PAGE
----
A FAMILY have taken their fight for answers over the build-up to the murder of a dad-of-two to Parliament.
David Burrows, of Ravensthorpe, was fatally stabbed outside his family's firm in September 2005, and his father and uncle were wounded.
Mechanic Gavin Hogg, who rented a unit near to the family business, M&B Haulage, in Low Mills Industrial Estate, was found guilty of murder and jailed for life. He hanged himself in his cell in Armley jail last February.
During the trial the court heard he had waged a campaign of terror on the Burrows family, at one point dragging David's father Darrell out of his car and trying to drown him in the canal.
This week Batley and Spen MP Mike Wood was granted an adjournment debate in the House of Commons, when he had the chance to put his concerns about the police and Crown Prosecution Service's handling of events leading up to the murder to the minister for crime and policing, Tony McNulty.
Mr Wood told Mr McNulty: "Despite two years of police involvement in the case, despite the fact that the police database showed Hogg to be a violent man and that at least one independent witness had said that the attack (on Darrell) was a premeditated attempt at murder, and despite the injuries sustained by Mr (Darrell) Burrows — a man in his 60s — Mr Hogg, who was in his 30s, was later charged with common assault and with criminal damage to the car."
Four months later, Hogg, 35, formerly of Wellhouse Lane, Mirfield, was found guilty of assault by magistrates, but bailed for sentencing.
The very next day, at lunchtime, Hogg crashed his car into Mr Burrows', which was parked outside M&B, and, when they came out to investigate, stabbed the three men – 36-year-old David, who lived with his girlfriend and children in Huddersfield Road, Darrell and Clive Hoyland.
That morning, after being stalked and intimidated by Hogg, Darrell Burrows had gone to Batley police station and told an officer if they did not act somebody would be killed.
Mr Wood went on: "Family members believe that the events could have been avoided if a different course of action had been taken on any one of the many occasions on which they contacted the police to seek help.
"The family specifically believe that an unseemly rush to clear up matters — no doubt with one eye on the expectations of the public and the media — meant that there was a consistent tendency on the part of the police to underplay the seriousness of what was a steadily worsening situation."
Mr Wood said the family believed a report by the Independent Police Complaints Commission, which only recommended giving two officers written warnings, 'missed the point'. Mr Hoyland previously told he Reporter the report – carried out by a former West Yorkshire Police senior officer – was a "whitewash".
Mr Wood said: "There appears to be a systemic problem with the way in which the police operate in such situations, with each incident apparently being treated as though there was no context.
"As a result, its seriousness and significance are missed."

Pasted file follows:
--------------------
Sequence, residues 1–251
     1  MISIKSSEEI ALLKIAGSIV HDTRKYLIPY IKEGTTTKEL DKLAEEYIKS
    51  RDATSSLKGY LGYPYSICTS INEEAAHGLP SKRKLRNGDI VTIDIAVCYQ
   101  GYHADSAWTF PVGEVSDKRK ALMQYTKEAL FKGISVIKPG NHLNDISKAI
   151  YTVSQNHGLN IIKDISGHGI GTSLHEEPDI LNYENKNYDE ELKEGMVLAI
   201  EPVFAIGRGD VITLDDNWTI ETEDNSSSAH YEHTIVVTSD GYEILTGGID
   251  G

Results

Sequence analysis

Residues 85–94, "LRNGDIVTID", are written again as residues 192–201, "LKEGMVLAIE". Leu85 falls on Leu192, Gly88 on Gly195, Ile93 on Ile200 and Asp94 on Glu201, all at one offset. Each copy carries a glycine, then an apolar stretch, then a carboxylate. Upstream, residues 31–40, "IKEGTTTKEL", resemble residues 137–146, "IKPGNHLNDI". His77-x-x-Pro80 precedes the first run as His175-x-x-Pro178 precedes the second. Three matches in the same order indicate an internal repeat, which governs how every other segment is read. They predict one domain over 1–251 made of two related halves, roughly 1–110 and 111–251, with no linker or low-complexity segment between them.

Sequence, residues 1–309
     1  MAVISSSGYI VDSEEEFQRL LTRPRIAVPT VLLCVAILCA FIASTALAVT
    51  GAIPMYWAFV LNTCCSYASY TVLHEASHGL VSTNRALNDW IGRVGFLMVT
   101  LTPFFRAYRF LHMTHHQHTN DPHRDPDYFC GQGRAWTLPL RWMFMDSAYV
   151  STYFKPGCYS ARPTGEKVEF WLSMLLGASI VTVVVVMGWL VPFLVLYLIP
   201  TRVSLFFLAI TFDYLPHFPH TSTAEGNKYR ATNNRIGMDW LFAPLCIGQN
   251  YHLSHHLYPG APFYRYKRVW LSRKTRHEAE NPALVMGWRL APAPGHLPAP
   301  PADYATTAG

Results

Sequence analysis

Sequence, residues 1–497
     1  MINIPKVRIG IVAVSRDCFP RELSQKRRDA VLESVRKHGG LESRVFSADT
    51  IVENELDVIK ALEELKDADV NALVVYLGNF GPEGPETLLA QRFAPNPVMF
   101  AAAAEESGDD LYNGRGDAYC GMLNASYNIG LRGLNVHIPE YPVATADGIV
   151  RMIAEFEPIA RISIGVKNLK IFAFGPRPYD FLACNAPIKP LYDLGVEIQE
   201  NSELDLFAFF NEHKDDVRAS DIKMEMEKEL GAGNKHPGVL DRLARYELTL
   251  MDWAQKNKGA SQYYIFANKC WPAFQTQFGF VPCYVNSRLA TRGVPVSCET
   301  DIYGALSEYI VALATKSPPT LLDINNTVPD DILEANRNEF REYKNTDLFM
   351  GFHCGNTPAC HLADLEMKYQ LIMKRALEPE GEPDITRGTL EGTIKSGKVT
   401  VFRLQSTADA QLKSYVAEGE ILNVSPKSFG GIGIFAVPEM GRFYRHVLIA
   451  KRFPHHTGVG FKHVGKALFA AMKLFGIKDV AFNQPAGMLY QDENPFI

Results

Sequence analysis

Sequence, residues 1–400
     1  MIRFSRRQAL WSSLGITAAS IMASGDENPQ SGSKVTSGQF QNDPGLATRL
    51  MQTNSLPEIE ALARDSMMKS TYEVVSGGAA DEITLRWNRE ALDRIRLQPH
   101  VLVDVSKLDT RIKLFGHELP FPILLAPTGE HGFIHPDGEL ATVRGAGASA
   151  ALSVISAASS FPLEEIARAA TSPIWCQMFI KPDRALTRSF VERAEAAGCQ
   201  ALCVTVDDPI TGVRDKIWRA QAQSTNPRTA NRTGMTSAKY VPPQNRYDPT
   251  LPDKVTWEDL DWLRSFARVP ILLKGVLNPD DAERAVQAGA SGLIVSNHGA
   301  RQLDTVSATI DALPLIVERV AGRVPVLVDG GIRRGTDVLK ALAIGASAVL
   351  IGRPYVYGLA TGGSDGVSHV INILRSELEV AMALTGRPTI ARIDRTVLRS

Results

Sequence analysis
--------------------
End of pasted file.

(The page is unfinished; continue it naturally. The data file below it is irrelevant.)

He also raised concerns about the way details of cases are passed between the police and CPS. After the attempted drowning, the investigating police officer and CPS solicitor – who would decide on the charges to be brought – did not even speak on the phone.
Mr McNulty said he intended to 'firmly' ask the CPS and chief constable of West Yorkshire Police what lessons they had learned from the case.
He added: "I take on, and will feed back into my deliberations with the police more generally, the notion of context and oversight, when things are duly reported. I think that that does happen, but sadly things go wrong.
"We need to ensure that if there are lessons to learn from this tragedy — I am sure that there are — they are learnt and fed back in to the police, CPS and IPCC, not only in West Yorkshire but throughout the country.
"If we cannot learn lessons of substance from such tragedies, we would be in a sorry position."
After the meeting, which took place on Tuesday, Mr Wood said the purpose of taking the debate to the Home Office minister had been to assure the Burrows family that no one else would have to endure a similar tragedy.
He said: "These cases do not happen that often but when they do the police have to adopt a different attitude.
"The pressure is always to get incidents cleared up that day and move on.
"Generally that's what we want but I think people involved in the process, when they come face to face with a situation like that, have to have the courage and professional integrity to say this will have to go through to tomorrow.
"There is a systemic problem: the police appear to be happy to be called endless times over a period of years to a situation and to deal with it on a one-off basis all the time and not take responsibility for saying – this is getting out of hand and therefore what do we do about it."
At the trial the judge described Darrell Burrows, who has since retired and spends most of his time in Spain, and Mr Hoyland – who was said to have come within an inch of dying – as "broken men".
Mr Wood said: "The family will never recover. None of this is going to bring David back or eradicate the memory of being terrorised for over two years.
"But they are trying to get some good out of it, make sure lessons are being learned to make sure it doesn't happen again. "I think they want to do justice to David.
"He was a man with two children, in the prime of his life, about to be married. By virtue of trying to protect his father he was stabbed to death before his eyes. It's a dreadful situation."
Mr Wood said he was optimistic they could achieve their goals: "We've given it a good shot. "I don't intend just to give up now. Anything else we can do we will be doing it."